After an accident or an injury, you must prove fault before filing an insurance claim or a lawsuit against the offender.
Negligence law applies to nearly all types of personal injuries, including:
- Automotive accidents
- Slip-and-fall injuries
- Construction accidents
- Dog bites
However, establishing fault isn’t integral when it comes to work-related personal injuries. Unlike other types of personal injuries, Florida has no-fault workers’ compensation laws.
The Modern No-Fault Workers Comp Statutes in Florida
Florida has no-fault laws that remove liability out of the equation for work-related injuries.
The workers’ compensation statutes protect both employees and employers by working in two ways.
The laws protect:
- Employers from employee lawsuits in case of injuries at workplaces
- Employees’ health and financial interests when injurious accidents happen at work
Earlier, compensation statutes relied on circumstances of an accident to prove who’s at fault for the accident that caused the injury. You can hold the at-fault person liable for the financial outcome.
Florida later found out that the establishing-fault approach creates problems between employers and employees, and limits settlement options.
Instead of proper care, an injured worker would be caught in arguments over who was responsible for the injury. In the end, the victim would end up paying for recovery out of pocket while still suing the employer.
The Modern worker’s comp law removes focus directly on employer and employee by eliminating liability.
Instead of focusing on fault and compensation, Florida’s employee’s compensation laws guarantee:
- Employee injury benefits: The laws prevent the employer from denying claims for work-related injuries even when the injury was the employee’s fault.
Instead, the statutes require every employer to have worker’s compensation insurance to compensate injured workers’ medical expenses and lost wages whenever an injury occurs at workplaces.
There are exceptions.
- Employees won’t sue the employer for personal injury claims: The no-fault worker’s comp laws also protect employers against employee retaliation, just like it protects workers against injury debt.
The laws take away the workers’ rights to file lawsuits for injuries sustained at work. However, the laws don’t prevent employees from filing a lawsuit against third-party offenders.
When to File for Florida’s Workers’ Compensation Claim
Florida workers’ compensation laws require you to inform your employer of your injuries within 30 days of the accident.
In most cases, injured employees go straight to the employer to let them know about the injury. Other times, the situation might require urgent medical attention, and you may need to delay formally informing your employer.
Don’t wait past 30 days to inform your employer about the injury because it will get much harder to get compensation. After informing your employer about the work-related injury, you’ll have a time frame of two years to file your claim.
The two deadlines are important. If you ignore even one, you’ll risk forfeiting your right to financial compensation.
Filing for workers’ compensation in Florida does not require you to show fault because every Florida business must have worker’s compensation insurance.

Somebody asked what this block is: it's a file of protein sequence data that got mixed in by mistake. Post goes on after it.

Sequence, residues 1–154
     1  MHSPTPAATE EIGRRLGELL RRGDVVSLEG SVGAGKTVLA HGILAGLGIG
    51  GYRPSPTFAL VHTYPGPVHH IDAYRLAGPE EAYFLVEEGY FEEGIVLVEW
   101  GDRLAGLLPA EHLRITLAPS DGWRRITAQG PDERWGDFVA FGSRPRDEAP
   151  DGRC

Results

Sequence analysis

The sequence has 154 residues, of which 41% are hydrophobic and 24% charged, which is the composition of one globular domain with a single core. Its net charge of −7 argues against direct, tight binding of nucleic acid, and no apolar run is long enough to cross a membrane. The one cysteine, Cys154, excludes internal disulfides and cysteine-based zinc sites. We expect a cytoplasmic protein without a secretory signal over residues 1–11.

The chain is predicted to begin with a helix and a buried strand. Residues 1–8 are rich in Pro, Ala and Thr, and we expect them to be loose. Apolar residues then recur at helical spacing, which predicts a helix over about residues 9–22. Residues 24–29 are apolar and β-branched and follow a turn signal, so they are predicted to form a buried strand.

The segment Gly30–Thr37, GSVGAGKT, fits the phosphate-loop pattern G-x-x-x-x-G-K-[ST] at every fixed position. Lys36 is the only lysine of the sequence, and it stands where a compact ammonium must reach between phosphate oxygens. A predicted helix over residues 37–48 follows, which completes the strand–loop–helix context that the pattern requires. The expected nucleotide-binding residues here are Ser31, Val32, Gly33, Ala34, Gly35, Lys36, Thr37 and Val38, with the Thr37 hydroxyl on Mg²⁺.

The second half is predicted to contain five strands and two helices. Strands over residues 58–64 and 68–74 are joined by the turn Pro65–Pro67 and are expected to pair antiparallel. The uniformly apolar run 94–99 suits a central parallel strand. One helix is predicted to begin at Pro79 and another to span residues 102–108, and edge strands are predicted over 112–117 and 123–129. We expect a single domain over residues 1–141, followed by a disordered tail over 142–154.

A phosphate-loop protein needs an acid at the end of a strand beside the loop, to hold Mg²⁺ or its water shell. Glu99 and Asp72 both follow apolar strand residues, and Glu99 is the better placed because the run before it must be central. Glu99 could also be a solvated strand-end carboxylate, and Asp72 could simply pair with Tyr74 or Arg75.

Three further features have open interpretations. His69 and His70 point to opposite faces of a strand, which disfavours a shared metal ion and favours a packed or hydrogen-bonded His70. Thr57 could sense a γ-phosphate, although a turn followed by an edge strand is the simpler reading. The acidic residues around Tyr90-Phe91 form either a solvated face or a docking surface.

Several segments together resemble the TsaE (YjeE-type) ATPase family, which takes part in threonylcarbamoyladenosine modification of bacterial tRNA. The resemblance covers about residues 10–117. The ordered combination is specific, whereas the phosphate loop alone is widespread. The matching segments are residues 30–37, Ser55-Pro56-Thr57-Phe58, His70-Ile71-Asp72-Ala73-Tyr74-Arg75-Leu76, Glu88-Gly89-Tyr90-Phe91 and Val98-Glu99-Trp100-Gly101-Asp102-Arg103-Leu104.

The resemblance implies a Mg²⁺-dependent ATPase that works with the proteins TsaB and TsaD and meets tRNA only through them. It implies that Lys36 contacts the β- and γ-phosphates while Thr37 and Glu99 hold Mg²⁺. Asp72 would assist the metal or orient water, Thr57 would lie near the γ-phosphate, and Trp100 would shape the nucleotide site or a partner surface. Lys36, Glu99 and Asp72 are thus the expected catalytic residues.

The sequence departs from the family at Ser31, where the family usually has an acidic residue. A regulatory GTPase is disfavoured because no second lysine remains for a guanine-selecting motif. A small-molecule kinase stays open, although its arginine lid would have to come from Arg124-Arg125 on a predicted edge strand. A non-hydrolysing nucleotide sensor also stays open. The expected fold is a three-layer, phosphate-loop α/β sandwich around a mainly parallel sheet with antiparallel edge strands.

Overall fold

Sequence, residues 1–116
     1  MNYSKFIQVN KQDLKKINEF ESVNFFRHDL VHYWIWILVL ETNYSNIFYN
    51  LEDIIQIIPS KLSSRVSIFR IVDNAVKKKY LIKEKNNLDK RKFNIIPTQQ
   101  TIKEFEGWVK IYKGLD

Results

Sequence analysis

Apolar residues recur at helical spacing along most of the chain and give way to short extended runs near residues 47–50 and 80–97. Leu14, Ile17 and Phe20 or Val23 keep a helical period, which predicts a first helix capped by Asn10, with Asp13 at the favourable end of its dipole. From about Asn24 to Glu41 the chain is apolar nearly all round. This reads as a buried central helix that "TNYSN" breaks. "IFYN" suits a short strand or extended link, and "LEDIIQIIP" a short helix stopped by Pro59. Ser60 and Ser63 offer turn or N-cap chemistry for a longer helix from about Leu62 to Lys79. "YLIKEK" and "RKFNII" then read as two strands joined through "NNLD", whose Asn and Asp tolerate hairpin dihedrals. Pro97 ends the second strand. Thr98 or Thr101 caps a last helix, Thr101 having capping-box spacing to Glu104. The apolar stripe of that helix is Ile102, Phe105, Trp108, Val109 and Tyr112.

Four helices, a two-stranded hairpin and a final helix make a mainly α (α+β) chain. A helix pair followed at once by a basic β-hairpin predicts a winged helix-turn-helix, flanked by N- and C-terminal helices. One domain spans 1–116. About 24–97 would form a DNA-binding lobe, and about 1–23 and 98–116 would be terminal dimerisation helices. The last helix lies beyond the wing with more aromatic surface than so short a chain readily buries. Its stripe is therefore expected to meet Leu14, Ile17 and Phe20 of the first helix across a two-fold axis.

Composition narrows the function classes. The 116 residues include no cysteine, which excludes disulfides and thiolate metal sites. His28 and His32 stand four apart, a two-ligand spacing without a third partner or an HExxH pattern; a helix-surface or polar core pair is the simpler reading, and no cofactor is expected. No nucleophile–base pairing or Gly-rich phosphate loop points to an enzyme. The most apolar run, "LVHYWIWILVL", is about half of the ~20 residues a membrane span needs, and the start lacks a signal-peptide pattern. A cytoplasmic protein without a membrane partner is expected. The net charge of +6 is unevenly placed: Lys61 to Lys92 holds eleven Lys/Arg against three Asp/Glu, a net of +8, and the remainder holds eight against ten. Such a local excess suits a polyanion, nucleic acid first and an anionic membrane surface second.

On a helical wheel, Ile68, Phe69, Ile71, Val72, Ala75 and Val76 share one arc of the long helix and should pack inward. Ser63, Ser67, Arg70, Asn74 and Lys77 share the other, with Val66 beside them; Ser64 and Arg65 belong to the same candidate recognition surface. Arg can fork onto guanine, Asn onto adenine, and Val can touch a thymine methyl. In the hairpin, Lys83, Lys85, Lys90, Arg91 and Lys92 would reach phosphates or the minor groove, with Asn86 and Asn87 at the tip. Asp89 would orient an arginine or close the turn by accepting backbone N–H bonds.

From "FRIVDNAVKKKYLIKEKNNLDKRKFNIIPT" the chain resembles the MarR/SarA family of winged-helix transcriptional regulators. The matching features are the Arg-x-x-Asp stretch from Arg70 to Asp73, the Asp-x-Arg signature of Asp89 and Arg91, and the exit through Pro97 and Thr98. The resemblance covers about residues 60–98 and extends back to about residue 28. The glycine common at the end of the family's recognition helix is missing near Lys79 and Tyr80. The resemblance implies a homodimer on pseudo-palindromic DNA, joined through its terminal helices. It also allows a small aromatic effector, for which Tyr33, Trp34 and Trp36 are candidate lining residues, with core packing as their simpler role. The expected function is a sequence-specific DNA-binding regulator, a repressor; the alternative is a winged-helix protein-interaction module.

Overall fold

Instead of filing a claim against your employer, workers’ compensation laws allow employees to utilize insurance covers to cater for medical expenses for workplace injuries.
Example-Where You Can Only Apply for Workers’ Comp Claim
Consider an employee working at Tampa Bay Steel in Florida. When at work, a chemical spill causes a devastating injury to one of the employees.
The employee needs to inform their employer about the accident to set up the workers’ compensation claim. The compensation will cover medical expenses and wages for the period the worker won’t be at work. In such a case, the worker can’t file a claim against his employer. However, the laws ensure that the victim of workplace injury receives compensation regardless of fault.
When to File for a Third-party Liability Claim in Florida
Florida’s workers’ compensation laws take away your right to file a personal injury claim against your employer because they already have insurance to cover any work-related injuries.
However, work injuries caused by third-party negligence qualify you to file a personal injury claim for compensation against the involved third party.
After all, a third party is not your employer.
When you file a claim against a third party, you have a duty to prove that the party you’re filing against is responsible for your injuries.
Unlike workers’ compensation that only covers funds for medical care and potentially part of your wages when you won’t be at work, a third-party claim can secure funds for:
- Medical treatment
- Property damage
- Pain and suffering
- Missed wages
Filling a third-party claim can help you obtain substantial compensation for your pain and suffering damages, which you usually can’t get from a workers’ compensation claim.
However, if you can’t prove fault, a third-party claim will not cover your medical care. What’s more, some third parties will not have coverage or assets to pay for your medical assets.
Certain situations favor pursuing both claims. However, what you recover from your Florida injury claim could affect what you get from worker’s compensation.
Can You File Both a Workers’ Comp and a Personal Injury Claim in Florida?
After an injury accident at the workplace, many people wonder if they should file for a worker’s comp or personal injury claim to address their financial losses that stem from the accident.
The right choice depends on the specific injury accident.
In some circumstances, workers’ compensation applies. In other work-injury situations, you can file both a personal injury claim and workers’ comp.
Example-Filling Both Workers’ Compensation and Third-party Liability Claim
Consider a barista working at Darden Restaurants in Orlando, Florida. When collecting shopping carts in the parking garage, a distracted driver runs into them.